For description of complex dynamics and chaos in extended systems of different nature (turbulence, electronic devices, nonlinear optics, chemical reaction-diffusion systems, biological populations) a number of model classes may be used: partial differential equations, chains of oscillators, coupled map lattices, cellular automata. If we speak on qualitative understanding of the complex spatio-temporal dynamics, it is sometimes preferable to deal not with a continuous medium, but with lattice models.
Coupled map lattices - CML were introduced in 80-th (K.Kaneko, R.Kapral, S.Kuznetsov). Let us imagine a one- or two-dimensional lattice and assume that a discrete time system, say a quadratic map, is placed in each cell. Next, suppose that each cell is coupled with its neighbors in such way that their states effect the state of the given cell in the next step of time.
Sometimes the use of lattice may be regarded as an approximate approach to description of a continuous medium, then the equations should have a reasonable continuous limit with decrease of the spatial step.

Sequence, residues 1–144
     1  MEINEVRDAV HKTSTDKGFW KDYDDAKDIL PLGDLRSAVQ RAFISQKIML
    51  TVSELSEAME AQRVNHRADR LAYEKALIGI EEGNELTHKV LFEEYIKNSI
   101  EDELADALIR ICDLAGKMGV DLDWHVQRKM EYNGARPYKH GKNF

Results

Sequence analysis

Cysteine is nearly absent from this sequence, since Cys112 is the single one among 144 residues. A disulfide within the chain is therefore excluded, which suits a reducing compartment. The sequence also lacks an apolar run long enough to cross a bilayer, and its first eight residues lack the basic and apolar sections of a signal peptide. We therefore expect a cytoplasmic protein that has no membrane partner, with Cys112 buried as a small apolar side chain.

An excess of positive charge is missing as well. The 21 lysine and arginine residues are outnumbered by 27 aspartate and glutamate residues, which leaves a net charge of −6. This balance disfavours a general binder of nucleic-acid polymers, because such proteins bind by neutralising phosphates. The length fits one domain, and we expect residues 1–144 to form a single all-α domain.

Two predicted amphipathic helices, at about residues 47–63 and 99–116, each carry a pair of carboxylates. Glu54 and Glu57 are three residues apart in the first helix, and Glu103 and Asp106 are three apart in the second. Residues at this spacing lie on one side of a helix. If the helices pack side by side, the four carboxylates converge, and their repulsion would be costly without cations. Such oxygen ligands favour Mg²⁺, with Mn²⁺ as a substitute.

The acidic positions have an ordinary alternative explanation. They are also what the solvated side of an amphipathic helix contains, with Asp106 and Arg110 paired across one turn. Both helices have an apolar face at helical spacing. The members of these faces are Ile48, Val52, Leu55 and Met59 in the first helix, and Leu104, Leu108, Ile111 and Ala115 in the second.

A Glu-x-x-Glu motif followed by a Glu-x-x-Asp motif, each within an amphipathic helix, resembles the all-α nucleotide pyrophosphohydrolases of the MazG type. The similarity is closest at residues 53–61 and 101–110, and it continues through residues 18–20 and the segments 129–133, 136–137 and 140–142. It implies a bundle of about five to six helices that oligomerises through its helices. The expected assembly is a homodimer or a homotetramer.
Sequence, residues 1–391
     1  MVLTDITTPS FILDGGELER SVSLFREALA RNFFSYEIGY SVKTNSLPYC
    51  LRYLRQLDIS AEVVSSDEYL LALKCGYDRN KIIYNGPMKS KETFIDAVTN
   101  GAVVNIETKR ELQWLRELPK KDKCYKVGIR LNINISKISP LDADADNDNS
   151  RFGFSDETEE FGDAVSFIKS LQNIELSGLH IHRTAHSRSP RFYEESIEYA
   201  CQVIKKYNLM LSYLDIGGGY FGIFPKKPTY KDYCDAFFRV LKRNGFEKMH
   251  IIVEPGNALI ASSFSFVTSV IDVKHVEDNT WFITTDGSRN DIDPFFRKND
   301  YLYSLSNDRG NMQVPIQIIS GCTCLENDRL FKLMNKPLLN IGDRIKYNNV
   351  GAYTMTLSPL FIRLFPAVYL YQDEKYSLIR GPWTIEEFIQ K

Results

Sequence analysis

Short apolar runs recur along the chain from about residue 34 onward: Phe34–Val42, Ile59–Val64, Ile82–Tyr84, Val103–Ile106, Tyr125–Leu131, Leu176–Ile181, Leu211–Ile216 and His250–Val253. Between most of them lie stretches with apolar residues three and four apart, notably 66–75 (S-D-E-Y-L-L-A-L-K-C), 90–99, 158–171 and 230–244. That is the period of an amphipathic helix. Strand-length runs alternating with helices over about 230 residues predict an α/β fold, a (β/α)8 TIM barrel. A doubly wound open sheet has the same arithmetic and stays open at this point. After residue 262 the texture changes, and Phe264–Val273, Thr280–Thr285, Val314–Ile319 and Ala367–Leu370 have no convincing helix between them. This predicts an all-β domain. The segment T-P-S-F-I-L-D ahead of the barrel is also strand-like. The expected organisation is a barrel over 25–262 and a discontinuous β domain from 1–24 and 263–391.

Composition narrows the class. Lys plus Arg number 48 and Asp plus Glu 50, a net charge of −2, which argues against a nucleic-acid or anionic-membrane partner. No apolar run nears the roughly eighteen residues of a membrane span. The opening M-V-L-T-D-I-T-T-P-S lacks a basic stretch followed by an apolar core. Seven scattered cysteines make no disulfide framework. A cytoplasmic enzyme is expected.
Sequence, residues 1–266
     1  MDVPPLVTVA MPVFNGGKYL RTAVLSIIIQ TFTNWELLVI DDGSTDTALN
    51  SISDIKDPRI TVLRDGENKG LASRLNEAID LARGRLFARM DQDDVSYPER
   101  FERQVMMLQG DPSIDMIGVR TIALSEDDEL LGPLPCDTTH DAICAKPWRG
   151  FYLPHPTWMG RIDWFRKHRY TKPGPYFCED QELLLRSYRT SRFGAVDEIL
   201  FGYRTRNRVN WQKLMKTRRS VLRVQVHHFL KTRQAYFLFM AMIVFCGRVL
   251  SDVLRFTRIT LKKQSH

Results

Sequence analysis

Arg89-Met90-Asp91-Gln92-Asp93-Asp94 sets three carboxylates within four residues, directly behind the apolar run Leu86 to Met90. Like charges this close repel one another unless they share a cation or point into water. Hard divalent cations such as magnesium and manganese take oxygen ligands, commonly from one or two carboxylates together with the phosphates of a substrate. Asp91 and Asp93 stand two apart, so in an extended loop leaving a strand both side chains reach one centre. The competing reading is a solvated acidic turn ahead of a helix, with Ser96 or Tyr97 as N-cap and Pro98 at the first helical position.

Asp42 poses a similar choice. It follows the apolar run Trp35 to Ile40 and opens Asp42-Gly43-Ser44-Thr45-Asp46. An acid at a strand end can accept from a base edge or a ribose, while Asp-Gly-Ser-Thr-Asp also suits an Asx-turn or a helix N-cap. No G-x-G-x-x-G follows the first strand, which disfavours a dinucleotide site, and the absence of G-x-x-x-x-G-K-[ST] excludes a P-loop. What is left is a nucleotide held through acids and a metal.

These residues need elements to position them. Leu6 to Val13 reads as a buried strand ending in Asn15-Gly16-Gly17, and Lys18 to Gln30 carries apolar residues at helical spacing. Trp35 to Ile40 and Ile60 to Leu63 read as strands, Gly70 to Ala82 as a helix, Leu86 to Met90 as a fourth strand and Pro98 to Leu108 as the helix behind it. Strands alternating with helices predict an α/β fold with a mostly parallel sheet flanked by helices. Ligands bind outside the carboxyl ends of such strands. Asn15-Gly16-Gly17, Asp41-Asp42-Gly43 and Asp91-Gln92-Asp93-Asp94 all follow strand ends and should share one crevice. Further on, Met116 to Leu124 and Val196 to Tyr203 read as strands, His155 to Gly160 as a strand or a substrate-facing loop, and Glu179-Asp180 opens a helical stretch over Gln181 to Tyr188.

In other cases, the lattice model may be appropriate accounting essence of the problem. For example, in solid state physics a natural discretization appears due to presence of crystal lattice.
Lattice systems may be constructed artificially, e.g. in electronics and optics, to realize devices with novel operational possibilities. (One of the first works where the model of CML type was suggested had arisen from analysis of electronic delay-feedback generator.)
If the individual block element of the lattice is a map demonstrating the period-doubling transition to chaos, then the Feigenbaum regularities of universality and scaling are valid for it. It is natural to ask, how this circumstance will reveal itself in dynamics of coupled systems? Will the transition to spatio-temporal chaos be also associated with some universality and scaling properties?